But, like I mentioned before, there is no “skin off of my nose” if the Catholic church wishes to create extra hoops or ceremonies for people they respect.
I don’t concede that “saints.” means anything more in the New Testament than what it means to Catholics today, which is persons of heroic virtue. “Accepting Jesus Christ” requires totus tuus. The role of “living saint” is as the New England Puritans discovered a hard one to perform and even harder to pass on to one’s children. Which is why the martyrs were the first to be reverenced by the Church and featured by John in his Revelation. “Confessors,” which is what you all claim to be, were only gradually recognized as equally worthy.
Nevertheless, God does choose to point, by wonders, to some of His creatures whose blessedness in heaven is assured. For instance, the incident where a dead man was brought back to life upon making contact with the bones of the prophet Elisha 2_Kings/13-21 (Link) That is the sort of miracle that leads to canonization in the Catholic Church. It requires some manifestation of God's approal.
I think the customs for canonization were intended, paradoxically, both to promote one sort of popular acclaim, and to curb another sort. What I mean is, there is always the danger that popular zeal with "canonize" people who are really quite unsaintly. One thinks of the Soviet dictator Lenin's body pseudo-sanctified in its mausoleum, or Elvis Presley with his endless portraits on black velvet, or any rich guy you want to mention, named in countless memorial auditoriums, memorial libraries, even memorial highways.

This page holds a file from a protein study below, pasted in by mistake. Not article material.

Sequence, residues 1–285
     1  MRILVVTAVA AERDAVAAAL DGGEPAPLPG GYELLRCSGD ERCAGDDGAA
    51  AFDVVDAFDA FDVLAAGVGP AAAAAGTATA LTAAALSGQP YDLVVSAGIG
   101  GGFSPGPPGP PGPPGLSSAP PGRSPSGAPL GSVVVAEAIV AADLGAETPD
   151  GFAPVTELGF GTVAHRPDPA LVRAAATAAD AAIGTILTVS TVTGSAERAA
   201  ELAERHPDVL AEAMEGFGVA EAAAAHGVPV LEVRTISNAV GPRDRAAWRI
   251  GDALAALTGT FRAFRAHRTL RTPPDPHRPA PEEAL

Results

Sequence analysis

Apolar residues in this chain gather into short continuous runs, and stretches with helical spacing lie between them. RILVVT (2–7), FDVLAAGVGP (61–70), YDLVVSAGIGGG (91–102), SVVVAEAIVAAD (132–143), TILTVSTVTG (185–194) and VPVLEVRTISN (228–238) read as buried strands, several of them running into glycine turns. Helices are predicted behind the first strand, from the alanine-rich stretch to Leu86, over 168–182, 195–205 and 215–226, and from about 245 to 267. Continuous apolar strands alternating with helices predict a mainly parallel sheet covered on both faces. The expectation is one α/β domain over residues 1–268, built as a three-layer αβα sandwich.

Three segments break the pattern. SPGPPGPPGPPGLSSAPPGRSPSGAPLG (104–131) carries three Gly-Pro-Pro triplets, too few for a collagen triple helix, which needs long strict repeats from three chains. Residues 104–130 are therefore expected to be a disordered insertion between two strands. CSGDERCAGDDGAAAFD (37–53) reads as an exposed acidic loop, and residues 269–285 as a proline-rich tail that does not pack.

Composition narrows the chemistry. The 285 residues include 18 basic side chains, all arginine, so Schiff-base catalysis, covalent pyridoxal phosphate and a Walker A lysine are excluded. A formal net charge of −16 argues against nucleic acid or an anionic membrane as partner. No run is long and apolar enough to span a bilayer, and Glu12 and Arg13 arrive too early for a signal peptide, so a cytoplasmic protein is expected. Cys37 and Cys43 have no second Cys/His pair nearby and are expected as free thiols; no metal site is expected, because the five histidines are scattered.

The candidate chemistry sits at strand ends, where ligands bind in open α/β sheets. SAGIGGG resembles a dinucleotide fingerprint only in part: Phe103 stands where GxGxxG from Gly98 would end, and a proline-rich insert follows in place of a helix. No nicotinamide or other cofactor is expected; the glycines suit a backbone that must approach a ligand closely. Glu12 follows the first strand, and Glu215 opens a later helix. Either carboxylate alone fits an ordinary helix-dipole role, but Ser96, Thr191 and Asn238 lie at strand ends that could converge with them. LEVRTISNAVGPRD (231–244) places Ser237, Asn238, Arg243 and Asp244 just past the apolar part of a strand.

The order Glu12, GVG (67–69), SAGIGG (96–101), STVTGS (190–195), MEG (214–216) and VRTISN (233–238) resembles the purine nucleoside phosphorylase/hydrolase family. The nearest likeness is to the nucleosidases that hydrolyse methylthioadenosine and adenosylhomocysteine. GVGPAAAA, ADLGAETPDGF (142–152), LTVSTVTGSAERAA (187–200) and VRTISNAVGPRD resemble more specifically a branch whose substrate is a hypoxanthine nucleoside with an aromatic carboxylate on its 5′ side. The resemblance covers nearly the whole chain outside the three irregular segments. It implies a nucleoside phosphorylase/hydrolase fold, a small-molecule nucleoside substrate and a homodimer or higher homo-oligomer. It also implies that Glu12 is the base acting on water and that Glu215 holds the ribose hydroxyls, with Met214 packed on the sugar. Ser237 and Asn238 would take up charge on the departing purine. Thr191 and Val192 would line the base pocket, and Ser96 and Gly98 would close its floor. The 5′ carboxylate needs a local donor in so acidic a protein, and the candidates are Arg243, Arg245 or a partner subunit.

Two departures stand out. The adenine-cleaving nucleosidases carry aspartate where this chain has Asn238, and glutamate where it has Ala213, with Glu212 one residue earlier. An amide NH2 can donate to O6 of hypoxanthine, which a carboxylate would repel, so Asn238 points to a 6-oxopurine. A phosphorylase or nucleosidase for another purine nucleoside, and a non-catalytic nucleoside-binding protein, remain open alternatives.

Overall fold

To curb this sort of thing ---- canonization for power, fame, or wealth --- the Church developed a custom which sought both to gather testimony of a person's heroic virtue, and to collect documentation of actual miracles. The later are usually quite rigorously supported by evidence.
It's a good thing. It causes people to admire what is truly admirable, to honor the honorable, to love the lovable. To this we are called, ScubieNuc. "Blessed be God in His angels and in His saints!"
Excellent summary, Mrs. Don-o. Help yourself to a pangolin.
An additional meaning of “holy” is “set apart for a sacred purpose,” which is a very meaningful concept for Christians. We are “set apart” by our Baptism, and our sins, of themselves, do not eliminate that status.
Together, they took on the most powerful and aggressive foe that freedom ever faced....and beat it down!
You can use his fewmets for fertilizer.
Thanks - new word for me. I wonder if it’s related to “fumigate,” what you do after you deal with fumits?
Could be ... on a cold day, the fumes rising from the fewmets ...
In those sad pre-Webster times, spelling was everywhichwhere.
Well. people like Mother Teresa and and Padre Pio, and many others who live saintly lives are often pointed out as such during their lifetimes. I am sure that the early Church would have done the same, noticed persons of exceptional faith. Recognition after death is ratification of that opinion. But I guess your contention is that after death they are oblivious to the events of earth, have cut all earthly ties, and are asleep until Judgement Day. Nothing in the Bible demands that we believe this, but you are free to think so.
Where do Pius IX and Pius XII stand at this point? Converstions about their canonizations seem to have stopped completely; I’d think they’d be at least as much a priority as JPII.